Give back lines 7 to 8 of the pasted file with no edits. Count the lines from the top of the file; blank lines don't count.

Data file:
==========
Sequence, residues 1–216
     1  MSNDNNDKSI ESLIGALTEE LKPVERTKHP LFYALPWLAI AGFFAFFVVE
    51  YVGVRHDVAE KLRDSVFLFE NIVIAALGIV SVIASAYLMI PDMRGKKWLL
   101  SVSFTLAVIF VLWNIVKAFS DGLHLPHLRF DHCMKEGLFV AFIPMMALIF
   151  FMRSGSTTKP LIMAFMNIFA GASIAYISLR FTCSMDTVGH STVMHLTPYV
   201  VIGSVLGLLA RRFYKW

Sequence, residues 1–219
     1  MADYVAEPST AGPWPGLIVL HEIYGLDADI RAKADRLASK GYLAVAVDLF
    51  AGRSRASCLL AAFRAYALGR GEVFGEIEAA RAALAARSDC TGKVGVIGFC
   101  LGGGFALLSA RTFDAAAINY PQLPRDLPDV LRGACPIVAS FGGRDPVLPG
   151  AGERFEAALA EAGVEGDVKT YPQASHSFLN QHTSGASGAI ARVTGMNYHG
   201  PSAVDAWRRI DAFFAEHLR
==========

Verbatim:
Sequence, residues 1–219
     1  MADYVAEPST AGPWPGLIVL HEIYGLDADI RAKADRLASK GYLAVAVDLF